Cachexia Index in Advanced Non-Small-Cell Lung Cancer Patients
the Cancer Therapy Advisor take:
The cachexia index is a novel index for estimating cachexia that is also associated with prognosis in both male and female patients with advanced non-small cell lung cancer (NSCLC), according to a study published in Clinical Medicine Insights: Oncology.
Because many patients with advanced NSCLC experience cancer cachexia, researchers developed the cachexia index to evaluate its extent.
For the study, researchers retrospectively analyzed data from 112 patients with metastatic NSCLC diagnosed between 2000 and mid-2011 at Louisiana State University Health Science Center.
Researchers used findings from patients’ abdominal computed tomography (CT) scans done within 1 month of diagnosis to estimate skeletal muscle area (SMA) and skeletal muscle index (SMI). Researchers then developed their cachexia index with the formula: cachexia index = (SMI x serum albumin)/(neutrophil-to-lymphocyte ratio).
Patients were then divided into 2 groups: those with a cachexia index 35 or greater (stage I cachexia) or a cachexia index less than 35 (stage II cachexia).
Researchers found that patients with stage II cachexia had significantly worse progression-free survival and overall survival compared with those with stage I cachexia.
The findings suggest that the cachexia index is an objective method for estimating the degree of cachexia in patients with advanced NSCLC, allowing it to be used to identify patients who are at high risk of early disease progression and identify those who should receive therapies directed against cancer cachexia.
Cancer cachexia affects many advanced non-small-cell lung cancer patients.
Introduction: Cancer cachexia affects many advanced non-small-cell lung cancer (NSCLC) patients. Cachexia index (CXI) was developed to assess the degree of cachexia in these patients.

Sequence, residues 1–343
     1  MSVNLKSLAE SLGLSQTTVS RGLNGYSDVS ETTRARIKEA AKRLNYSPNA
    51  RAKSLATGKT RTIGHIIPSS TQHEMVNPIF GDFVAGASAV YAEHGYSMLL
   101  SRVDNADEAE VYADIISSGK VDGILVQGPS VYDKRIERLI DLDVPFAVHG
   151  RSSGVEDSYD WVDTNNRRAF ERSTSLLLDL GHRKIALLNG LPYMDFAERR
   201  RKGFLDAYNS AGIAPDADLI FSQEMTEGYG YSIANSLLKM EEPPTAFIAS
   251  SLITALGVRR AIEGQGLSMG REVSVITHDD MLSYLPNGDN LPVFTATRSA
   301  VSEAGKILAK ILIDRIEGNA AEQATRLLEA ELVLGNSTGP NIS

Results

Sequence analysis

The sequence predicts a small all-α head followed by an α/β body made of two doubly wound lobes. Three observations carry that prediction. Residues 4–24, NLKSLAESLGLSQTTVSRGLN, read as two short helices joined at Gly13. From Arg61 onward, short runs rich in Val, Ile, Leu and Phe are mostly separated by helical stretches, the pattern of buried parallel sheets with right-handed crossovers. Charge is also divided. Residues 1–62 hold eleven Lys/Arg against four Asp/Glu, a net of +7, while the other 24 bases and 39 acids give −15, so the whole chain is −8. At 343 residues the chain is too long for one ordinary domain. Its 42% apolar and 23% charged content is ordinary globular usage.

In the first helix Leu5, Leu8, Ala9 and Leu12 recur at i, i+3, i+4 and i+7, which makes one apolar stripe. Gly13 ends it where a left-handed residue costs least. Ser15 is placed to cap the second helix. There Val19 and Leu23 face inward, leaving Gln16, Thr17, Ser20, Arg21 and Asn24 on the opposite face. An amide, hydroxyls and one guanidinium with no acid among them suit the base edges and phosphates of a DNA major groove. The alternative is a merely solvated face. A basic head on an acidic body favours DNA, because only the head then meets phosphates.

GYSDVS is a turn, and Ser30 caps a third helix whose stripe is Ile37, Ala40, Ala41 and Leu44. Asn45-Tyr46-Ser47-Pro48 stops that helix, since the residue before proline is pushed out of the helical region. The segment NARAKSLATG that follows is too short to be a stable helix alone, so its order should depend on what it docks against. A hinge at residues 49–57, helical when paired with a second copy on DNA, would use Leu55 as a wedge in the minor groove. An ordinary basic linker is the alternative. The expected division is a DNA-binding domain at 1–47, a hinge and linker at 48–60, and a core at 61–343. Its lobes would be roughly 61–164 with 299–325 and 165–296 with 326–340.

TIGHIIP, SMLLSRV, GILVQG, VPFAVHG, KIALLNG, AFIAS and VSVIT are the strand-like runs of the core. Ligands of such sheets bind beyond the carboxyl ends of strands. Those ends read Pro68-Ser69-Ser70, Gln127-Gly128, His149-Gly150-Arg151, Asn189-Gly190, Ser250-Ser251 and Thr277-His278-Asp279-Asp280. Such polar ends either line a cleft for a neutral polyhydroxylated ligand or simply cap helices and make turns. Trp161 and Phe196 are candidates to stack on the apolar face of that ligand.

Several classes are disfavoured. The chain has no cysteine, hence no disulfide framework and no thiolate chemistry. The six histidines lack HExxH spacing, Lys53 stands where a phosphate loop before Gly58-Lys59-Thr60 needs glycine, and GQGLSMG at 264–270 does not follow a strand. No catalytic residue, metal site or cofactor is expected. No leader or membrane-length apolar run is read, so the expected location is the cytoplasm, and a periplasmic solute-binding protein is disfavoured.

Methods: Patients with metastatic NSCLC diagnosed between January 1, 2000, and June 30, 2011, at our institution were retrospectively studied.
Abdominal computed tomography scans done within 1 month of diagnosis were reviewed to estimate skeletal muscle area (SMA) and skeletal muscle index (SMI) at the L3 level. CXI was developed as follows: CXI = (SMI x Alb) / NLR where SMI is the skeletal muscle index, Alb is the serum albumin, and NLR is the neutrophil-to-lymphocyte ratio.
Progression-free survival (PFS) and overall survival (OS) were estimated using the Kaplan–Meier method. Survival among various factors was calculated using the log-rank test. Multivariate Cox regression was used to perform survival analysis in order to estimate the effects of various factors.
Results: Patients were divided into two groups around the median into stage I cachexia (CXI ≥35, n = 56) and stage II cachexia (CXI <35, n = 56). Groups did not differ in age, gender, ethnicity, or histology of cancer.
Patients with stage II cachexia had significantly worse PFS (2.45 vs 5.43 months, P < 0.0001) and OS (3.45 vs 8.8 months, P = 0.0001) than those with stage I cachexia.
On multivariate analysis adjusting for gender, race, and histology, patients with stage II cachexia were found to have worse PFS (hazard ratio [HR] 1.94, 95% confidence interval [CI] 1.27–2.95) and OS (HR 1.53, 95% CI 1.0009–2.34).
Conclusion: The CXI is a novel index for estimating cachexia that also correlates with prognosis in both men and women with advanced NSCLC.
Keywords: lung cancer, cancer cachexia, systemic inflammation, sarcopenia
CITATION: Jafri et al. Cachexia Index in Advanced Non-Small-Cell Lung Cancer Patients. Clinical Medicine Insights: Oncology 2015:9 87–93 doi: 10.4137/CMO.S30891.
TYPE: Original Research
RECEIVED: June 24, 2015. RESUBMITTED: August 24, 2015. ACCEPTED FOR PUBLICATION: August 27, 2015. Academic editor: William C. S. Cho, Editor in Chief
PEER REVIEW: Seven peer reviewers contributed to the peer review report. Reviewers' reports totaled 2,079 words, excluding any confidential comments to the academic editor.
FUNDING: Authors disclose no funding sources.
COMPETING INTERESTS: Authors disclose no potential conflicts of interest.
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